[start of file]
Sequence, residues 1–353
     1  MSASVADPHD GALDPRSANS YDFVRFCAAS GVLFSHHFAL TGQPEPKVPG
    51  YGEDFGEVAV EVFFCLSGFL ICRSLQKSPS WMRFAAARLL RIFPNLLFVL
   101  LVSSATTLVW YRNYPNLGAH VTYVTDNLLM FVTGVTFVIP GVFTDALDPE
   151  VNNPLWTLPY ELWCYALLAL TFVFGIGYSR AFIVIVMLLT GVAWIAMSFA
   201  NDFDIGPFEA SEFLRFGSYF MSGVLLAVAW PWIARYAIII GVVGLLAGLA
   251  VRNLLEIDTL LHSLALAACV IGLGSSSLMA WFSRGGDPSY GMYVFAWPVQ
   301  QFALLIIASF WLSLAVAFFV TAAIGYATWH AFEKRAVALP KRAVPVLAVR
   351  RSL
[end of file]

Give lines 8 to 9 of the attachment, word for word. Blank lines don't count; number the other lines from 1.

   301  QFALLIIASF WLSLAVAFFV TAAIGYATWH AFEKRAVALP KRAVPVLAVR
   351  RSL